Friday, February 27, 2009

Computer Hardware in Plain English

Friday, February 20, 2009

Twitter in Plain English

Tuesday, February 17, 2009

Investing Money in Plain English - A common craft video

Monday, February 09, 2009

Risk Mitigation

Risk mitigation actions reduce the chance that a risk will be realized and/or reduce the seriousness of a risk that is realized. The costs of these actions should be identified as part of the EVALUATION activities. There are two broad types of risk mitigation or treatment activities:

  • Preventative - planned actions to reduce the LIKELIHOOD a risk will occur and the SERIOUSNESS if it does occur. In other words, what can be done now? For example, if a risk were identified that the project’s major clients will not have the technical expertise to utilize adequately the technology the project is implementing, an appropriate preventative action would be to provide technical training. Preventative actions for Grades A and B risks should be implemented before the project progresses very far into the MANAGE Phase.
  • Contingency - planned actions to reduce the SERIOUSNESS of the risk if it does occur. In other words, what should be done if? For example, a possible action in response to the previous risk might be that ongoing technical support and advice is provided to the client organization once the technology is implemented.
Risk mitigation actions should be cost efficient and effective in that they help reduce the risk exposure of the project. Conscious decisions need to be made regarding the wearing or transferring of certain risks as opposed to the costs of mitigation.

For serious risks, an extremely effective risk mitigation strategy can be justified more easily in terms of its cost. Mitigation strategies to reduce the likelihood and seriousness of risks should be built into the budget and activities of the project. Mitigation strategies should be measured, comparing cost and benefits.

RECOVERY actions are those subsequent actions that allow you to move on after a risk has occurred. They include management of residual risks. Hopefully, the seriousness of a risk’s impact on the project will have been reduced due to the planned contingencies being implemented. These recovery actions should be built into the work breakdown structure for the project. In other words - what should be done and when.

Reference: Tasmanian Government Project Management Guidelines Version 6.0

Sunday, February 08, 2009

Road skills Hyderabadi must have
  • Drive 4 wheelers like 4 wheelers and not like 2-wheelers. Most of the RTC buses are driven like 2-wheelers, specially in the Kukatpally route.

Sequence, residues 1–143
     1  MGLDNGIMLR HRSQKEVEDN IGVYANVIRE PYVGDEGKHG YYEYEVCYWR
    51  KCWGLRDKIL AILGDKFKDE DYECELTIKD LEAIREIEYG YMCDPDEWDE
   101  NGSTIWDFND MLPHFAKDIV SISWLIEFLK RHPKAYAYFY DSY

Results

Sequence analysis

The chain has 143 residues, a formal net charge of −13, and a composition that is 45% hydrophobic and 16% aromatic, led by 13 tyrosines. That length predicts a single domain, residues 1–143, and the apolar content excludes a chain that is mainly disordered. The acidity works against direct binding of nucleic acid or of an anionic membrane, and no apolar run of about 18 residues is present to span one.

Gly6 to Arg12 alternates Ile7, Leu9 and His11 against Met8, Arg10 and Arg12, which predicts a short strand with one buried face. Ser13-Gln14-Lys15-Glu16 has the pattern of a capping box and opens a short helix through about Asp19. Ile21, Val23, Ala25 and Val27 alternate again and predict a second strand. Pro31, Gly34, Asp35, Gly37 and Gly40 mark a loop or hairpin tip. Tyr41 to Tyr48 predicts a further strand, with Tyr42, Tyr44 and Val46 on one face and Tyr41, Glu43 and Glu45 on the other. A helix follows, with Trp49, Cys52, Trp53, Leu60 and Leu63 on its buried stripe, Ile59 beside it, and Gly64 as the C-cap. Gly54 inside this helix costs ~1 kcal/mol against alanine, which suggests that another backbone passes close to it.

• While driving at night use normal headlight mode and not high –beam mode. Guys you need to understand that driving in high-beam mode is dangerous not only for the person who is driving in the opposite direction but also you.
  • While crossing roads, use zebra crossing (this is applicable throughout India). In case you are not doing that, atleast develop a sense of understanding the problem driver faces in case you jump right in front of him while attempting to cross the road. Andhra Pradesh is one of the states in India with very high number of road accidents.
  • And finally, follow traffic rule, at least the basic ones ( stop at red light, don't race on roads..etc)

Friday, February 06, 2009

Top 10 Qualities of a Project Manager

  • Inspires a Shared Vision
  • Good Communicator
  • Ability to Delegate Tasks
  • Problem Solving Skills
  • Integrity
  • Enthusiasm
  • Empathy
  • Competence
  • Team-Building Skills
  • Cool Under Pressure


This list was compiled after surfing through the Internet.
Channel Created on Google SMS Channels. This is a test post.

Thursday, February 05, 2009

Powerpoint - best practice by Guy Kawasaki

Guy Kawasaki' n addition to being a good author/blogger, was one of the very early Apple employees and more recently has been a venture investor. At Garage (http://www.garage.com/), probably he has seen countless Powerpoint presentations. Presumably because he is tired of seeing poor Powerpoint presentations, he spends many pages in his book, Art of The Start talking about Powerpoint best practices.

His mantra is that Powerpoint should follow a 10/20/30 Rule (check out The Art of Pitching section in the book). There should be no more than 10 slides in the presentation as very few people take away much more than one concept from a presentation, so all that other stuff is extra. The slide presentation should be designed to last 20 minutes, leaving room for ample questions between slides or after the presentation. He says the font should be size should be no smaller than 30 (Arial font). Guy says that audiences read faster than you can talk, so that while you are up there talking, they are trying to read your slides and not listening to what you are saying.

He says that there are something like 60 animation features within Powerpoint and he recommends the less use of it the better. His advice is to use your voice & body to emphasize when a point is important, not some fancy Powerpoint trick. The only place he recommends using any of this is in going through bullet points on a slide, presumably to avoid having people read ahead. Speaking of bullets, Guy suggests that bulleted slides should have one point with bullets and only one layer of bullets (lest you violate the 30 part of 10/20/30).

Wednesday, February 04, 2009

Warangal Fort


Warangal Fort
Originally uploaded by Anandarup
The Ruins of a majestic fort